Industry Air Pollution

Reducing Air Pollution Can Actually Increase Ozone Pollution and Worsen Health

Research explains why efforts to reduce particle pollution result in an increase in photochemical smog.

Researchers at the

The researchers claim that the results, which were published in

The researchers have shown that in certain places, ozone and particles are tightly related, despite the fact that traditionally, policymakers have treated them as different issues. Peroxy radicals, which are short-lived ozone-making components, adhere to particle pollution and prevent it from going on to produce ozone. As the number of particles falls, more peroxy radicals are available for reactions, which leads to an increase in ozone.

In certain densely populated parts of China and India, the study’s model of the impacts of lowering particle pollution revealed that it might result in an increase in ozone of 20–30%. This would have a very serious impact on ecosystems and crop yield if left unmanaged.

The researchers are urging the development of fresh approaches that take into consideration this relationship between contaminants. By focusing on a broader variety of pollutants, particularly (VOCs) from chemicals and fuels and NOx from combustion, the issue can be overcome.

Co-lead author of the study, Professor Mathew Evans from the Department of Chemistry at the University of York said: “Particle pollution and ozone pollution have been viewed by policymakers around the world as separate issues, but our study emphasizes the need to look at them together. For 40 years we have thought that ozone depended only on volatile organic compounds and nitrogen oxides and it’s only now that we are putting the pieces of the puzzle together and seeing this relationship with particle pollution. Policy now needs to be adapted to this new knowledge.”

He continues, “tackling particulate matter in the atmosphere is rightly a priority because of the serious risk it poses to human health. However, this study highlights the complex choices facing governments in how they invest to manage air pollution. Solutions are not straightforward and there can be hidden connections between different pollutants.”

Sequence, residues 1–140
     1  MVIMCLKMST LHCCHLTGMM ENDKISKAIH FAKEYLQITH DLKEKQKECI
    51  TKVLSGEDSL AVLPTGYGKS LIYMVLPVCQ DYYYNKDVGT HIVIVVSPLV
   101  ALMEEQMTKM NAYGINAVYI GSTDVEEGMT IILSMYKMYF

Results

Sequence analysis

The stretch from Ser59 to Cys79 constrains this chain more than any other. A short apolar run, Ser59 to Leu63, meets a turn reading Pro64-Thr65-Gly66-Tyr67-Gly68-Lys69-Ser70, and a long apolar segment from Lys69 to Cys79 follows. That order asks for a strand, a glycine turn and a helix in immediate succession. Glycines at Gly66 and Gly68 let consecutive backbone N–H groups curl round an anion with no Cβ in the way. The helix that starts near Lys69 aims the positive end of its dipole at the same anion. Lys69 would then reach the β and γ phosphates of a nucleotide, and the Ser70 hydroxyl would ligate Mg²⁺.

The WHO estimates that 4.2 million die prematurely every year as a result of exposure to outdoor air pollution. Developing countries such as India, China, and Africa are among the worst affected.

The modeling study estimated that significant reductions in particle pollution in these areas would lead to the need to make dramatic reductions in the emissions of the NOx and VOCs – up to 50% in – order to keep ozone pollution in check.

Co-lead author of the study, Professor Alastair Lewis from the National Centre for Atmospheric Science added “this study shows that there can be risks in focusing too narrowly on just one pollutant. There has been a dramatic improvement in particle pollution in China over recent years, but emphasis only on particles can lead to unintended consequences. Action to accelerate the reduction in emissions of NOx and VOCs is now essential.”

Reference: “Suppression of surface ozone by an aerosol-inhibited photochemical ozone regime” by Peter D. Ivatt, Mathew J. Evans, and Alastair C. Lewis, 7 July 2022, Nature Geoscience.
DOI: 10.1038/s41561-022-00972-9

The study was funded by the Natural Environment Research Council, the Air Pollution and Human Health program (APHH)) and the National Centre for Atmospheric Science National Capability awards.

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